My Dog Ate Toilet Paper. What do I do?

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Key Takeaways:

  • When dogs eat a lot of toilet paper it can cause an obstruction.
  • If your dog eats toilet paper, call your veterinarian and report the behavior.
  • Take your dog to the vet if you observe vomiting, diarrhea, anorexia, depression, or signs of a painful abdomen after your dog eats toilet paper.

Dogs and puppies can get into anything, and some have a fetish for toilet paper. If you notice your pooch grabbing the end of the toilet paper and racing through the house with it, should you be concerned?

Usually, eating a few squares of toilet paper is harmless for your pooch, but if he continually chows on tissues, the material could collect in his gut and cause an upset stomach, or worse, a blockage. 

In this article, we’ll talk about how much toilet paper is dangerous for dogs, what it can do to your pooch, and when it’s time to call the vet.

Let’s get started.

How Much Toilet Paper Is Dangerous for Dogs?

If your dog occasionally snarfs a facial tissue or a few squares of toilet tissue, it’s probably no big deal. But, continually eating the material can be problematic. The behavior is most common with puppies but sometimes continues into adulthood. When a dog eats toilet paper, it may be caused by:

  • Curiosity or boredom
  • To soothe teething pain
  • Attempt to satisfy a nutritional deficiency
  • Attraction to the tissue’s scent
  • Self-soothing for anxiety

If your dog shreds and eats a roll of toilet paper or a pile of squares, your pooch may have problems. The tissue can irritate the stomach lining and cause ulcers or diarrhea. If a bolus of material enters the intestines, he may also have an obstruction. 

When you catch your dog eating toilet paper, you should call your veterinarian and let him know about the behavior. The doctor may want to examine your pooch and make sure there’s not an underlying condition that’s causing the behavior.

If your dog eats a few squares of toilet paper, you probably don’t have to worry. However, when Fido keeps eating tissue, or if he ingests all or a large part of a roll, there could be problems. Talk to your vet if you have any concerns.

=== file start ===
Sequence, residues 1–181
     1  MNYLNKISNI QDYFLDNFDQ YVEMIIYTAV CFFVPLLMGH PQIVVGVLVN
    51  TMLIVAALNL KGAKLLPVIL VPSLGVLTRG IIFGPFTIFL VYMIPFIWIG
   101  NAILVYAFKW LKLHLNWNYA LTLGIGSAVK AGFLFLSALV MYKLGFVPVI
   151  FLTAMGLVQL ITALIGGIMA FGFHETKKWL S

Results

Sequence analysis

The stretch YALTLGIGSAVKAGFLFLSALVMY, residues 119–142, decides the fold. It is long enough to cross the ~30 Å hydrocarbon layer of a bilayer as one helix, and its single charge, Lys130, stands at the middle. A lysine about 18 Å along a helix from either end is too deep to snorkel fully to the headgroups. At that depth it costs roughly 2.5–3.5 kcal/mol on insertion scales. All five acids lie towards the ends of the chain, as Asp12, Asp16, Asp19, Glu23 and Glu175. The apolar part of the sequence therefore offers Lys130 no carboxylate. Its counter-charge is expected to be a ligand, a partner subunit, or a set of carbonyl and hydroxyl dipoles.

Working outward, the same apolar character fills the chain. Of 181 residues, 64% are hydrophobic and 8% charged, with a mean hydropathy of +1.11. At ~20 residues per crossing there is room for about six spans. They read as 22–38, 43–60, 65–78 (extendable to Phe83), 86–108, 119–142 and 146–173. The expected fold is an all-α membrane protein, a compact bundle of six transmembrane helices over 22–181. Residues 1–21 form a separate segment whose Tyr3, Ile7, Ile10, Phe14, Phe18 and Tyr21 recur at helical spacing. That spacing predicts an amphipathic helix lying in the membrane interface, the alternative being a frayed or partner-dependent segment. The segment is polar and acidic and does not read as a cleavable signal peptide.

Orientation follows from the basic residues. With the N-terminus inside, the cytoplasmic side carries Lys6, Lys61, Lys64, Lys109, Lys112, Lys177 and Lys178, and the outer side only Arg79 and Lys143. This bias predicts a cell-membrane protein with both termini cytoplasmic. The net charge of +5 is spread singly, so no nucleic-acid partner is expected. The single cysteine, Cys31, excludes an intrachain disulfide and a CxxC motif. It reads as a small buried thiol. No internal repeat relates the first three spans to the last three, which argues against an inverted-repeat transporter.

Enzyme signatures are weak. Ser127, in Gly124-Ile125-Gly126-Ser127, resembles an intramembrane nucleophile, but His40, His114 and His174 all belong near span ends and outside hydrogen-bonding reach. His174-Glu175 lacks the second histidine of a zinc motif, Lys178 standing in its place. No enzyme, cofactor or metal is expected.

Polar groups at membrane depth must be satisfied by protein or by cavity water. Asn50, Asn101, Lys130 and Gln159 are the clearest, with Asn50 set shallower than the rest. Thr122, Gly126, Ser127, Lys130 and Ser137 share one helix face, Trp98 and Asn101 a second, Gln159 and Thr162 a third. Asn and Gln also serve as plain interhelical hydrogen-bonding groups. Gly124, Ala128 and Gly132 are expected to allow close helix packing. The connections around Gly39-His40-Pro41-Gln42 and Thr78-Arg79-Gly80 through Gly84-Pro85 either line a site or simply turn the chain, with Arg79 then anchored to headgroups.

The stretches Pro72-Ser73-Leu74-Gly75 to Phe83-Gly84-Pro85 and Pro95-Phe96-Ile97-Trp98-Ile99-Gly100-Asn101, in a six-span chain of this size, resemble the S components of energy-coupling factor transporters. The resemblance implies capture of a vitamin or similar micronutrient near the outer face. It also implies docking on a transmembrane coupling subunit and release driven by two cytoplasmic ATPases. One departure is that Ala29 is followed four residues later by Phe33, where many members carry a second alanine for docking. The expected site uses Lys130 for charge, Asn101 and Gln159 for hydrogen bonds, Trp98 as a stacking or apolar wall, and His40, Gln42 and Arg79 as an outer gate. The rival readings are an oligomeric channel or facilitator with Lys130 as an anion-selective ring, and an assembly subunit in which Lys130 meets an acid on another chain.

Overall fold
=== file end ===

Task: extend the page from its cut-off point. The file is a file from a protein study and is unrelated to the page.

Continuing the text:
What Should I Do If My Dog Ate Toilet Paper?

If you catch your dog playing with toilet paper, you don’t need to panic. They may not eat it or might only ingest a few bites accidentally. However, if your dog is chewing and swallowing chunks of tissue, try to remove as much of the paper as possible and determine how much he ingested. Then, call your vet and let him know what happened. He’ll probably want to examine your dog and see if there are any reasons for the behavior.

Meanwhile, you can try some things to help your pooch. If you have a dog-safe laxative like Metamucil, give some to your pooch. The medicine coats the paper so it can pass through the digestive tract safely. Copious amounts of water are a suitable substitute if you don’t have a laxative. The liquid helps propel the paper through the gastrointestinal tract. 

Monitor your pooch to see if the paper comes out. If you notice any signs of distress or discomfort in your dog, contact the vet immediately. 

If you see your dog eating toilet paper, remove any remaining pieces and let your vet know what happened. At home, you can try giving your dog a laxative or lots of water to help move the paper through the system. Observe your dog closely to see if the paper comes out. 

What You Should Do Immediately If You Suspect Your Dog Has Eaten Toilet Paper

The first thing to do if your dog eats toilet paper is to assess the situation and remove any excess paper. Then you should call your veterinarian and let him know what happened and approximately how much your pooch ingested. If your pup is showing any signs of distress or discomfort, take your dog to the clinic immediately. Rapid treatment may be the difference between life and death.

If you think your dog ate toilet paper, assess how much he ingested and report the incident to your vet. If your dog has signs of distress or discomfort, bring your pooch to the clinic as soon as possible.

What if My Dog Ate a Lot of Toilet Paper But Is Acting Normal?

Even if your dog is acting normal after eating a few rolls of toilet paper, he may not be out of the woods. Signs won’t always show within a few minutes of ingestion. 

Once toilet tissue reaches the stomach, the foreign material can irritate the gut lining. You may notice vomiting or diarrhea in a few hours to a day. If a bolus of paper enters the intestines, it can cause a blockage. The signs of obstruction may not appear for a few days after your dog eats toilet paper. You should observe your pooch for any signs of digestive upset or obstruction and take your pup to the vet immediately if you notice:

  • Nausea and vomiting
  • Loss of appetite
  • Abdominal pain
  • Lethargy and depression

Your dog may not show signs of trouble immediately after eating a bunch of toilet paper. It may take a few hours for a digestive upset to manifest. Intestinal obstructions usually show up within a few days of eating toilet paper.

Signs to Watch Out For if Your Dog Eats Toilet Paper